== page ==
The defense of Trevor Peek is his offense. The wind up on his punches gives his opponents chances to counter and catch him before he throws, but he just resets and goes again with a little head movement. He’s as tough as they come and refuses to back down from a slugfest, even when he’s being outstruck. We saw this determination against Malik Lewis on the Contender Series where Peek was all but finished in the first round before rallying late in the round before earning the TKO in round two. This determination has been huge for his success but with the amount of damage he takes, it’s only a matter of time before he’s caught defenseless and is knocked out.
Peek’s grappling has shown slight improvements with the addition of some reversals from the bottom position but, like his striking, he still relies heavily on being explosive and simply standing up, likely making Derrick Lewis very proud. Chepe Mariscal found a lot of success with throws from the body lock to get Peek down where he was able to work to the back and attack a rear naked choke, but Peek was able to escape and force the fight back to the feet.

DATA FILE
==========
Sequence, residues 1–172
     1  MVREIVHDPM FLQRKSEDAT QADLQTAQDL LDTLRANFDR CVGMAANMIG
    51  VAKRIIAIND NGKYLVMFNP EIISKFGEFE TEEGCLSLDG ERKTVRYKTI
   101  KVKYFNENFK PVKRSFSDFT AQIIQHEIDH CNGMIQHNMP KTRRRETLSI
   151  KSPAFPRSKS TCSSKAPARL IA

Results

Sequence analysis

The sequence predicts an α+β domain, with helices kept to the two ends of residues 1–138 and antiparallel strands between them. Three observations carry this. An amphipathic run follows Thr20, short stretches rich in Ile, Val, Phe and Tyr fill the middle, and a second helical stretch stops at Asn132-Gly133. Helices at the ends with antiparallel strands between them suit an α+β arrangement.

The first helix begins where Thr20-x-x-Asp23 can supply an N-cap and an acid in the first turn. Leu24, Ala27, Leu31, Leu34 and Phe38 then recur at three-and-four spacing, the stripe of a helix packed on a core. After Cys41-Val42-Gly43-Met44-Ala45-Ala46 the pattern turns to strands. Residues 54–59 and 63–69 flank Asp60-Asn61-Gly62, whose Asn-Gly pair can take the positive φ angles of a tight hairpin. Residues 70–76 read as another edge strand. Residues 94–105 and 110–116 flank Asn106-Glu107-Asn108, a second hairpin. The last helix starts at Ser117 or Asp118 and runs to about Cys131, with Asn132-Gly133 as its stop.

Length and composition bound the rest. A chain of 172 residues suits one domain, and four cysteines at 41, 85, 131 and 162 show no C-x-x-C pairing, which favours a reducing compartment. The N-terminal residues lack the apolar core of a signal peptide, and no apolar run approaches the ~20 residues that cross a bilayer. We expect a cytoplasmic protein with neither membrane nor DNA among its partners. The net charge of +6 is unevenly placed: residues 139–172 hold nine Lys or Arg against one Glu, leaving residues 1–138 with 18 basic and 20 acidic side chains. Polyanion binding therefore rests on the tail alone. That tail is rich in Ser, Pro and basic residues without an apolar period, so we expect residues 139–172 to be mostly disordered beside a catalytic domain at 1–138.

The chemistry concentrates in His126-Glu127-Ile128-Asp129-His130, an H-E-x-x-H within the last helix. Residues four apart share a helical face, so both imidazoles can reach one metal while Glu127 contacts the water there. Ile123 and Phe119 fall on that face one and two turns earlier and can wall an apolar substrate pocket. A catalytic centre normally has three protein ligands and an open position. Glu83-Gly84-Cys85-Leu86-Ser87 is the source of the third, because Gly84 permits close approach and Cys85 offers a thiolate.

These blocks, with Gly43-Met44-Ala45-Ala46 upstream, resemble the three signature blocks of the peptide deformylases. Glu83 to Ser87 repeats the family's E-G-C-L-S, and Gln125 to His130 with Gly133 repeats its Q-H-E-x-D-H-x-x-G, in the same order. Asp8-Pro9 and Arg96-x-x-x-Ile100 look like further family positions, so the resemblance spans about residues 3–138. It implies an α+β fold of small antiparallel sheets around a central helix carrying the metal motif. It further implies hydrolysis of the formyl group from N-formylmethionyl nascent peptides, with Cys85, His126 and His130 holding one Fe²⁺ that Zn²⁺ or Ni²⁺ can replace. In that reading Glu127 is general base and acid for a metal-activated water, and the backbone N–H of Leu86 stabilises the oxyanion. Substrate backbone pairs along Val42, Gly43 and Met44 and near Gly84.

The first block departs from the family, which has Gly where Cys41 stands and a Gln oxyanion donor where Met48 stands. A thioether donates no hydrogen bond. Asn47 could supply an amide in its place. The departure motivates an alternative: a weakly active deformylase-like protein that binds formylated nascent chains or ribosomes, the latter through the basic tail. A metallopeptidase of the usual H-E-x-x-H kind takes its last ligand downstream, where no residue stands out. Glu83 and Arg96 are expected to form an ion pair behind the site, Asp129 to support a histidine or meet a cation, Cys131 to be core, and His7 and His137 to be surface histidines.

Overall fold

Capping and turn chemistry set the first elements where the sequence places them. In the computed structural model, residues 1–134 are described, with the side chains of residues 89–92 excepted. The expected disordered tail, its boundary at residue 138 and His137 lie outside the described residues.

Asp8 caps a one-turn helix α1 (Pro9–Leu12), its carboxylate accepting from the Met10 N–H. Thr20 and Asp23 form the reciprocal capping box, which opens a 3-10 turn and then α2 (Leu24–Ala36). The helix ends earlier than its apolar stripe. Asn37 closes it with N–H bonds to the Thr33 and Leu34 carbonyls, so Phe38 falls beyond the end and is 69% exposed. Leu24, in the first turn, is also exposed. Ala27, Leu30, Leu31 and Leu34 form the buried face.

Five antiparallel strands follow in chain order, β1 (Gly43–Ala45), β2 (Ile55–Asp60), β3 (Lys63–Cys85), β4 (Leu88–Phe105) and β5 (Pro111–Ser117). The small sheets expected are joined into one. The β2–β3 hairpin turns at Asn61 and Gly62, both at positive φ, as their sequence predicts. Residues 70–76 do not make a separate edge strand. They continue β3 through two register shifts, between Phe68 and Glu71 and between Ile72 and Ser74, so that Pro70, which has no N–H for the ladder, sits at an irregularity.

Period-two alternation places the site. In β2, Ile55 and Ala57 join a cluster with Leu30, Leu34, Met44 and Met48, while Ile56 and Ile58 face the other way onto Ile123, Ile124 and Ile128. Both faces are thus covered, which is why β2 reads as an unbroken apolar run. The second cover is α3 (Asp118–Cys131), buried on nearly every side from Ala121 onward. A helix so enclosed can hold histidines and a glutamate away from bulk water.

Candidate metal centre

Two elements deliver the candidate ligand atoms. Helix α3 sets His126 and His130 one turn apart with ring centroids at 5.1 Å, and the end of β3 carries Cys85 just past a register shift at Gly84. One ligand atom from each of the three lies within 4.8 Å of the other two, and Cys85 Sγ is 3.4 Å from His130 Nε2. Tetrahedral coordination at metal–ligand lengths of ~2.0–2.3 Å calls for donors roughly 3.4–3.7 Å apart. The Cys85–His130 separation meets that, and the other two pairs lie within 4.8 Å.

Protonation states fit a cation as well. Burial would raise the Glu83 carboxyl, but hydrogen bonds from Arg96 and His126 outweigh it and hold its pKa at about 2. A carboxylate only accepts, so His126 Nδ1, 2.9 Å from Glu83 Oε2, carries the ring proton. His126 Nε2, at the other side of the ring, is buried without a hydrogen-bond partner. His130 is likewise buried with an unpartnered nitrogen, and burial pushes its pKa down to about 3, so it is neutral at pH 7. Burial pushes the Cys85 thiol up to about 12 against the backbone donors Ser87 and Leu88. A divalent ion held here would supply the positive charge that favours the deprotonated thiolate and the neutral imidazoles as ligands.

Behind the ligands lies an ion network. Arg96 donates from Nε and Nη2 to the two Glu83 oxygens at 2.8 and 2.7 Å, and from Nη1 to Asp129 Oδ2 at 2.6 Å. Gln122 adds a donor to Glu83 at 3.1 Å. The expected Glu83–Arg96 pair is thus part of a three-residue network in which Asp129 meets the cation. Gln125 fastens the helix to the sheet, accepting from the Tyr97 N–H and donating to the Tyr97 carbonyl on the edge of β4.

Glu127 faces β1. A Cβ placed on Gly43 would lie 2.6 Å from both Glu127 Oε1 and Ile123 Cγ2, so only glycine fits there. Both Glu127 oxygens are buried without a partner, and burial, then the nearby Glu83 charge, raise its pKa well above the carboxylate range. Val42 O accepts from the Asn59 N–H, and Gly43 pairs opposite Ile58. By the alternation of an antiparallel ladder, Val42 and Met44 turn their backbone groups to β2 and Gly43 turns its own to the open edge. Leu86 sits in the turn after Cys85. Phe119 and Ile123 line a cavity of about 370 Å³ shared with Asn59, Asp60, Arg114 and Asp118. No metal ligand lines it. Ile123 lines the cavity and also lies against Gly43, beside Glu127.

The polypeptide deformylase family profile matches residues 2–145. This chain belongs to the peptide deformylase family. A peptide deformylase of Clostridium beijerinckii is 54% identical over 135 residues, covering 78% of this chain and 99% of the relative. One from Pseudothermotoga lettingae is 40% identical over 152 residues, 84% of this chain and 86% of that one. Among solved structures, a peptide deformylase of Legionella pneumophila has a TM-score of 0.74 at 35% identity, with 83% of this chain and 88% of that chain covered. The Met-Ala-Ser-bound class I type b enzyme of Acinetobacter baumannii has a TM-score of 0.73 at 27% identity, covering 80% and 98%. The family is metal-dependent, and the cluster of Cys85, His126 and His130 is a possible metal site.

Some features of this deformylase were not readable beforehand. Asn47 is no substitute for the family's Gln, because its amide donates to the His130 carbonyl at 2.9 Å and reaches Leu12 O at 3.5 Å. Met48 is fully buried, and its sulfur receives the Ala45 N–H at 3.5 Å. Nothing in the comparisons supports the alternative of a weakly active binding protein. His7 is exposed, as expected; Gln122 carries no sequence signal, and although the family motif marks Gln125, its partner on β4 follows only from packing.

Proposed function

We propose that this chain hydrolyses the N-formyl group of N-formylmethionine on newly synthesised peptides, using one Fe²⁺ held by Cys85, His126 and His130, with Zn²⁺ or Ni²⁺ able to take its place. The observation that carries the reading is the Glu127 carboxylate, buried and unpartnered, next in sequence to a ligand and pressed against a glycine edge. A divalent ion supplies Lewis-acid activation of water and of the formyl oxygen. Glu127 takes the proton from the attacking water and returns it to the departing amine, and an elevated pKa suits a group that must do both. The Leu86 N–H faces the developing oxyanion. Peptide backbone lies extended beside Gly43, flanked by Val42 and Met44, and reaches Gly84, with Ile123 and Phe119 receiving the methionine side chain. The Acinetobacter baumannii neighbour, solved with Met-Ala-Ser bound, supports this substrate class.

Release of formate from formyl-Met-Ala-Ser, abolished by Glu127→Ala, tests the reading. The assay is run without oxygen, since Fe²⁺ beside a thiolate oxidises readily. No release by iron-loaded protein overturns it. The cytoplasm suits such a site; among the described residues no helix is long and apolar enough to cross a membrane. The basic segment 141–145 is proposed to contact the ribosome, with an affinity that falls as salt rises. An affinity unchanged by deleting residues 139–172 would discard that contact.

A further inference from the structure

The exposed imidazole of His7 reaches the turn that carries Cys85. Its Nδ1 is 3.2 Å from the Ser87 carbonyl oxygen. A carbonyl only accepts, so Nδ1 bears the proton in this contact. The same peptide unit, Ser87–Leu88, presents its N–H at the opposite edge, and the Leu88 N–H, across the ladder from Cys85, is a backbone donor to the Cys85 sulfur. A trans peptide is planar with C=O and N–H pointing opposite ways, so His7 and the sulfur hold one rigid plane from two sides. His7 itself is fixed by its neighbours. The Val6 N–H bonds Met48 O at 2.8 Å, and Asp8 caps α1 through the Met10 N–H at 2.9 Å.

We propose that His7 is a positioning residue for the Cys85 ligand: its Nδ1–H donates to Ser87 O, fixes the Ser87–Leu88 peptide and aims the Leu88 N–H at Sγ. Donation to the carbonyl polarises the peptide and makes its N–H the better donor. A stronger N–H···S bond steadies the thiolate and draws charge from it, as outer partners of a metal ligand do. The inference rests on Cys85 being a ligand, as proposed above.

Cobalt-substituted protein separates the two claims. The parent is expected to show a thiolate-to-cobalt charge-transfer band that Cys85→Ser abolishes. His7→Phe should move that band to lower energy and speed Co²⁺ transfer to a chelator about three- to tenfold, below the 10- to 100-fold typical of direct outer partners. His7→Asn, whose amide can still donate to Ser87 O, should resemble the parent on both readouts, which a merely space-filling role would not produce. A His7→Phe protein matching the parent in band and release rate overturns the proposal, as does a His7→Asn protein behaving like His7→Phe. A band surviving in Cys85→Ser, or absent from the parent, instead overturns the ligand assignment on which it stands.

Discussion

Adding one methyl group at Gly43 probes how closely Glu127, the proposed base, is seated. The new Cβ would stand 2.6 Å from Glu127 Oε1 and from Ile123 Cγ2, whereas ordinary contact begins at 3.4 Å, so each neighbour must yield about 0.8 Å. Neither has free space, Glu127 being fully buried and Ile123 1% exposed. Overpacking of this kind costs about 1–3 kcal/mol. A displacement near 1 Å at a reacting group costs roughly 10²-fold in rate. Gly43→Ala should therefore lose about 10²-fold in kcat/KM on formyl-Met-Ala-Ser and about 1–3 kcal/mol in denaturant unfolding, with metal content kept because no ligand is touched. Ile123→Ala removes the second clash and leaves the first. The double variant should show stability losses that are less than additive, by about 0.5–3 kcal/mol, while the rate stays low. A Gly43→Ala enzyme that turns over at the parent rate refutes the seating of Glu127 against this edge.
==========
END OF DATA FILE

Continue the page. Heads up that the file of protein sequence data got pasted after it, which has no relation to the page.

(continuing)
All of these explosive movements wear on fighters and often zap their energy before the third round. That’s no exception for Peek as he’s visibly exhausted before the first round is even over. He gives poor visuals to the judges with his hands on his hips or hanging on the cage, trying to get a small break from the furious pace he refuses to stray from. His strikes come in slower and he’s even easier to hit in between his strikes but his pace barely slows. He pushes through exhaustion until he can sense his opponent getting worn down and then turns up the pressure even higher, knowing that they’ll likely break if he just keeps coming forward and throwing with power.
Neither of these fighters are going to be the go-to film study to learn quality technique but they make for fun fights and have found a way to be successful to this point regardless. Both guys are extremely tough and eat a lot of damage to dish out their own, so I’m expecting a war here with little technical aspects to break down.